At a time when art practitioners are adapting to the pandemic and figuring out the future of live arts, the AAMR gave us the space and support system to discuss our concerns about the arts and cultural dynamics these days. We talked about facing similar issues of adjusting our perspective when doing criticism of works presented in hybrid situations, both virtually and onsite. Are there major changes in criticism if performing art forms are altered? How should we really critique virtual and/or mediatised performances? These seemingly epistemological inquiries were raised in the T-room by the participants in a quite relaxed discussion. But these are definitely not easy questions to answer.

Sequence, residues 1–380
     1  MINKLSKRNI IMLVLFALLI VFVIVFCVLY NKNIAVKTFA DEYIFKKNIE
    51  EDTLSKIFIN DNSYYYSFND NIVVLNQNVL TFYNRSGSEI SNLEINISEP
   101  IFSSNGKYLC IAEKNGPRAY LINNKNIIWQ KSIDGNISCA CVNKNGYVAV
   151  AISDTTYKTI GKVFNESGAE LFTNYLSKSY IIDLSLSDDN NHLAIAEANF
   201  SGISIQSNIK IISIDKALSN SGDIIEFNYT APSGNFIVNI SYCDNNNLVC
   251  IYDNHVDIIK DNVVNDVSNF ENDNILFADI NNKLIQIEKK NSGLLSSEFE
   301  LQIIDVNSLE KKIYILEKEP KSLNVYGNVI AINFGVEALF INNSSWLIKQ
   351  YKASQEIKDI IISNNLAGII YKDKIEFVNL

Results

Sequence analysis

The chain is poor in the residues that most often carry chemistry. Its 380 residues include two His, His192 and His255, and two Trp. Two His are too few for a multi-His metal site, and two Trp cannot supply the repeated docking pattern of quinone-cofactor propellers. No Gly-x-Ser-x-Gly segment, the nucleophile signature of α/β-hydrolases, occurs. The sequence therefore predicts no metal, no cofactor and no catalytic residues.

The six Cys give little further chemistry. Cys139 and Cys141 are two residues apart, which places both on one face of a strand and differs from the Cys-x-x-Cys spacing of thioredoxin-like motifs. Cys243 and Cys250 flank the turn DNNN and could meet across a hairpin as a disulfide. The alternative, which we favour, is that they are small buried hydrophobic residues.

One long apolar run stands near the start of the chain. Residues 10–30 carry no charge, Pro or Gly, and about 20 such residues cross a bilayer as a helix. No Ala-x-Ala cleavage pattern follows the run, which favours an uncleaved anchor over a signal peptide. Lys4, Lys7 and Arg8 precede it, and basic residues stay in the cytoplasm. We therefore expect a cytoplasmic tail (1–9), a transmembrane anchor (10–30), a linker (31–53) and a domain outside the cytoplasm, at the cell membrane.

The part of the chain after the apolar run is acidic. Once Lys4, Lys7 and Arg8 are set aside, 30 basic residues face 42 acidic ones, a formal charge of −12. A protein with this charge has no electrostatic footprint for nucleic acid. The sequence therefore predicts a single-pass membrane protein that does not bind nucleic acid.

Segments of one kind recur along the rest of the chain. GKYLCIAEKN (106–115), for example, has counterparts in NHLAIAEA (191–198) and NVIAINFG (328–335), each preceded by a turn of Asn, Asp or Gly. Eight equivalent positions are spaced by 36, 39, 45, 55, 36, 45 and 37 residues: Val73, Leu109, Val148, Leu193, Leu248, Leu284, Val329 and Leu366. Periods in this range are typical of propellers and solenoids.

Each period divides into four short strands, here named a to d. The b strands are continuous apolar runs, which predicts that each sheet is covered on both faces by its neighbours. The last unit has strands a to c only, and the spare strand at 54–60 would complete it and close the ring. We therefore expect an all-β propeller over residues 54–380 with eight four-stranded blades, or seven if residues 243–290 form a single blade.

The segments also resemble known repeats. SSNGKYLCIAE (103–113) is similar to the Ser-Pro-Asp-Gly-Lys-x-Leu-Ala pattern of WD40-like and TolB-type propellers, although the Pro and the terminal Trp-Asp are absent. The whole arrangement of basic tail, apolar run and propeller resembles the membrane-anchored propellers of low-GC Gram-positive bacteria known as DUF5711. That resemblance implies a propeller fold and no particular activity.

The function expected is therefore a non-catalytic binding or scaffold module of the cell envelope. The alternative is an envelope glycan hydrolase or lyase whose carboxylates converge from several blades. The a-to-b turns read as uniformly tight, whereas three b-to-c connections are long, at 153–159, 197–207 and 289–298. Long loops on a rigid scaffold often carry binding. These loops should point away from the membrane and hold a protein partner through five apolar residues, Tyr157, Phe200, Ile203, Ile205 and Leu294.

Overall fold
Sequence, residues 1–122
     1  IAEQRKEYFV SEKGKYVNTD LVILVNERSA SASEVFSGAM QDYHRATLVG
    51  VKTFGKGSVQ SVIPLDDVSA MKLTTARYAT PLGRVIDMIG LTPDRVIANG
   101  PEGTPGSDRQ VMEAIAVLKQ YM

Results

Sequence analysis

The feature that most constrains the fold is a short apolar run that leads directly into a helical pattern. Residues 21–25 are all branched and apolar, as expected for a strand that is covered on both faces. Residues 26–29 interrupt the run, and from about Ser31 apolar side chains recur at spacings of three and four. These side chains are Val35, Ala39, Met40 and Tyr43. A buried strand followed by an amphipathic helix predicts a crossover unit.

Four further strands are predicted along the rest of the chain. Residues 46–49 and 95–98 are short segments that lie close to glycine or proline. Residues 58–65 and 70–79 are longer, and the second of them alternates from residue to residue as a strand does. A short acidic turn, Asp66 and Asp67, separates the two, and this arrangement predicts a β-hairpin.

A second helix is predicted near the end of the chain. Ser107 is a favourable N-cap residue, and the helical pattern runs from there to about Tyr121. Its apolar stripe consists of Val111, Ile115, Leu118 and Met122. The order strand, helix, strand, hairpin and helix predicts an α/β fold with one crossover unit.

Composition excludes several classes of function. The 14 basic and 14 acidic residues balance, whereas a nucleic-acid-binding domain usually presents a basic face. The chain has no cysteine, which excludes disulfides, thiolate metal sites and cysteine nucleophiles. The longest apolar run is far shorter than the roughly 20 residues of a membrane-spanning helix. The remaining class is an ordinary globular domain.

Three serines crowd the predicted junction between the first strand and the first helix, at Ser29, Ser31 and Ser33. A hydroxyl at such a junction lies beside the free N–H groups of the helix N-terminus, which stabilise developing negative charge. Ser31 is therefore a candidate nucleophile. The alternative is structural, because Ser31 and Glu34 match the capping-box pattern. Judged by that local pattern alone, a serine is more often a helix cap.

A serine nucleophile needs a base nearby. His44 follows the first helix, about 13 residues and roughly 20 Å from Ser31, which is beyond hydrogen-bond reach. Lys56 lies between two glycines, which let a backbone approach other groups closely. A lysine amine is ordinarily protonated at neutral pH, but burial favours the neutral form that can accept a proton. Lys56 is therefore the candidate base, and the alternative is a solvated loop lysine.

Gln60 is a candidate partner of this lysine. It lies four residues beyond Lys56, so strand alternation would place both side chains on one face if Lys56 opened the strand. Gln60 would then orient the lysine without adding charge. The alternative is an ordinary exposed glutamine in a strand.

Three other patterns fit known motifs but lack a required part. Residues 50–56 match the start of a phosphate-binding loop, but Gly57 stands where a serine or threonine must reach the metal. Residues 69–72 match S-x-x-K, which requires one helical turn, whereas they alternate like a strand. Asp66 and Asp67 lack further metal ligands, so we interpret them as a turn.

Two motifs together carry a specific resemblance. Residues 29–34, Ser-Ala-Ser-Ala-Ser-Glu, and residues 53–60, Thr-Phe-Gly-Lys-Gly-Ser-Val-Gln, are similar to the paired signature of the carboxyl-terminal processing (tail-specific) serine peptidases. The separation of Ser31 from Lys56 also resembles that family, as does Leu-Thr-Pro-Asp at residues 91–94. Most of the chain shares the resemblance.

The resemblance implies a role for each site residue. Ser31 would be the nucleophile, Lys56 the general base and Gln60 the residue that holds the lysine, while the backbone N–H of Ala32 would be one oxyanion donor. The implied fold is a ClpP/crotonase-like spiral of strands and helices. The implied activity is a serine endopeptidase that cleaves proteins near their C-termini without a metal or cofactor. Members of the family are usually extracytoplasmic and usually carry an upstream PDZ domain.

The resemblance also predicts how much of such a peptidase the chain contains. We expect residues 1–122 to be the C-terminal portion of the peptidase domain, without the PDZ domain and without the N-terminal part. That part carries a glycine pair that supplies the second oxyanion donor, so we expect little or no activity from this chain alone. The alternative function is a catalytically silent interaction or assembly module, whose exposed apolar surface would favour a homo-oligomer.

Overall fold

Another component of the AAMR, the in-depth Master Conversations sessions, were really eye-opening for me as well. We were introduced to the more technical aspects of theatre and performance, such as lighting, costume and set design, in order to expand our scope as writers and critics. According to the Zoom polls done during these sessions, the themes presented at the Masters Conversations were still “not brought to justice” within the reviews written by the participants themselves. Singaporean lighting designer Lim Woan Wen, in a session facilitated by critic Daniel Teo, shared that designing lights for the stage needs a balance of creativity, as in aesthetics, and scientific thinking. To engage and observe the lighting design in theatrical performances means that we are enhancing the sensory experience both for performers and the audience; through our critique, we can finetune details that were put by the show creators and give personality to what is mechanical. Lighting design can become a communication tool from the performer to the audience. I also realised that whatever I had seen and written, which had primarily been about dramaturgy and acting, would not have been evident were it not for the good lighting designs. (My fellow participant, James Harvey Estrada, also reflects on the session here.)